Lamp Plant's future unclear

By Jamison Cocklin


Little is known about the future of the General Electric Co.’s Ohio Lamp Plant on North Park Avenue after the union representing 179 workers there voted against a proposal to keep the plant open late Monday.

On Tuesday, IUE-CWA Local 722 President Scott Moore said he had no idea what was next for the workers or the factory, which makes incandescent light bulbs for commercial use, among other things.

Union officials met with the plant’s management Monday, but little came of the meeting, according to both sides.

“We are disappointed with [Monday’s] vote. This package was mainly structured by the union leadership to save jobs, and we thought we had negotiated a fair package, which the union leadership supported,” said Ron Wilson, general manager for GE lighting’s supply chain.

“This package would have allowed Ohio Lamp Plant to have a promising future by saving some of the existing production, while adding new equipment and work that would keep jobs in the Warren area,” Wilson added.

Citing declining sales volume, the company in January issued an intent-to-close notice for the plant, which employs about 200 people. Under the original plan, the plant was scheduled to close sometime during the first quarter of 2014.

Local 722 was able to negotiate an agreement to keep the plant open by putting a plan forward to manufacture energy-efficient halogen light bulbs, a popular draw for the plant’s commercial customers, which it does not currently produce.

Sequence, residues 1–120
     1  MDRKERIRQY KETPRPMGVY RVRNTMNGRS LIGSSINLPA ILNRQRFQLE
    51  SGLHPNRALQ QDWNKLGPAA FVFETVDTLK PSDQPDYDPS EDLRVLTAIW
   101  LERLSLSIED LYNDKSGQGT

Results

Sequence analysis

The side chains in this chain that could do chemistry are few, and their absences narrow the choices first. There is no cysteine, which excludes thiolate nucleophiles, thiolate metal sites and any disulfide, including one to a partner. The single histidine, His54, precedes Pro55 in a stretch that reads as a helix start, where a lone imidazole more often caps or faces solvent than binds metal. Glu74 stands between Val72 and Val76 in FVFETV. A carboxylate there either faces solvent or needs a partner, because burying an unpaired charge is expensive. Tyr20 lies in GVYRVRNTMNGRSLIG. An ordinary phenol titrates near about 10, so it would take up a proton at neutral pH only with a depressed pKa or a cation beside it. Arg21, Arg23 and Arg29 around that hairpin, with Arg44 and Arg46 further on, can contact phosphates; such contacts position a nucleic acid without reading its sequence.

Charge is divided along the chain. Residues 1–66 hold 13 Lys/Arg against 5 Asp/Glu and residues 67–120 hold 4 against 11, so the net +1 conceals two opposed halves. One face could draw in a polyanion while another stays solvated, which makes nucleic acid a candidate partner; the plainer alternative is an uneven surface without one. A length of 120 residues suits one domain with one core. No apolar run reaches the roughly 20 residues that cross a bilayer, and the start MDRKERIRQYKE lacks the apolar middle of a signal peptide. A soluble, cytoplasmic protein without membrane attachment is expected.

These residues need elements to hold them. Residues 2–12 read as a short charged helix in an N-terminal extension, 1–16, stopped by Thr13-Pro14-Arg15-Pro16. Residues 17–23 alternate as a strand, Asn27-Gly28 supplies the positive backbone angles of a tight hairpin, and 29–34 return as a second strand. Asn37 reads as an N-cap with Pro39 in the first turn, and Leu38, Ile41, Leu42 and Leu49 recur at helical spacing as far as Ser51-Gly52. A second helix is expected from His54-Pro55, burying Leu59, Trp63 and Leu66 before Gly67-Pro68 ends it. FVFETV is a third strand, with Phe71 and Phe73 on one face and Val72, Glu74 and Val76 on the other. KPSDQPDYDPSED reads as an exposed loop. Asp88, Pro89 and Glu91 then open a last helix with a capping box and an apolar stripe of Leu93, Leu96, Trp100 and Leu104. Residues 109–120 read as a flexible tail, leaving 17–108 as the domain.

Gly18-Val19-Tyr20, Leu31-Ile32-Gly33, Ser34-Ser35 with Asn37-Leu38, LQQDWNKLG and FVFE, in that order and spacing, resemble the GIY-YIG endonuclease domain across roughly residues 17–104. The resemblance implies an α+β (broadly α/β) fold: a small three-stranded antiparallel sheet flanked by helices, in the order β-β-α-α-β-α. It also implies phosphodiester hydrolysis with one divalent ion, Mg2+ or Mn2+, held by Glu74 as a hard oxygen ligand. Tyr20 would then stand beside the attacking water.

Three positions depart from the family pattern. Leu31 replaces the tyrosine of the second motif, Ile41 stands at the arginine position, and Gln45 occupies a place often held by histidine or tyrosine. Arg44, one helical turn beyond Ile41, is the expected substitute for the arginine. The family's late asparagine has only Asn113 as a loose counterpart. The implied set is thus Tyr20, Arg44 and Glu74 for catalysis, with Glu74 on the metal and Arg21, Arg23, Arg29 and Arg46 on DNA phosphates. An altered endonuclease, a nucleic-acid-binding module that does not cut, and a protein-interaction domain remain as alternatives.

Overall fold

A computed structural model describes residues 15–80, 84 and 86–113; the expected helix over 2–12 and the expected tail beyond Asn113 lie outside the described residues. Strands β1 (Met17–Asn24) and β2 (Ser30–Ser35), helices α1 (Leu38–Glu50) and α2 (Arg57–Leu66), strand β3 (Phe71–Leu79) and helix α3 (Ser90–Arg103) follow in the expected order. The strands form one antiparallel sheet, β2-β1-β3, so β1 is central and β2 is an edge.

Last Friday, Moore expressed optimism that the union would vote in favor of the proposal, which a GE spokesman said did include some wage concessions.

Of the 179 workers who voted on the proposal, about 95 are eligible for retirement and severance benefits if the plant closes, Moore said — a footnote that GE spokesman Christopher Augustine said could be one reason why membership turned down the agreement.

The union needed a majority vote to ratify the agreement, and with so many workers eligible for nearly a year’s pay, plus retirement benefits, a generational divide could have worked its way into the voting process.

Moore acknowledged the fact but said he couldn’t say for sure why the union voted down the proposal. Both parties said talks will continue, and no final decision has been made on whether to close the plant as scheduled.

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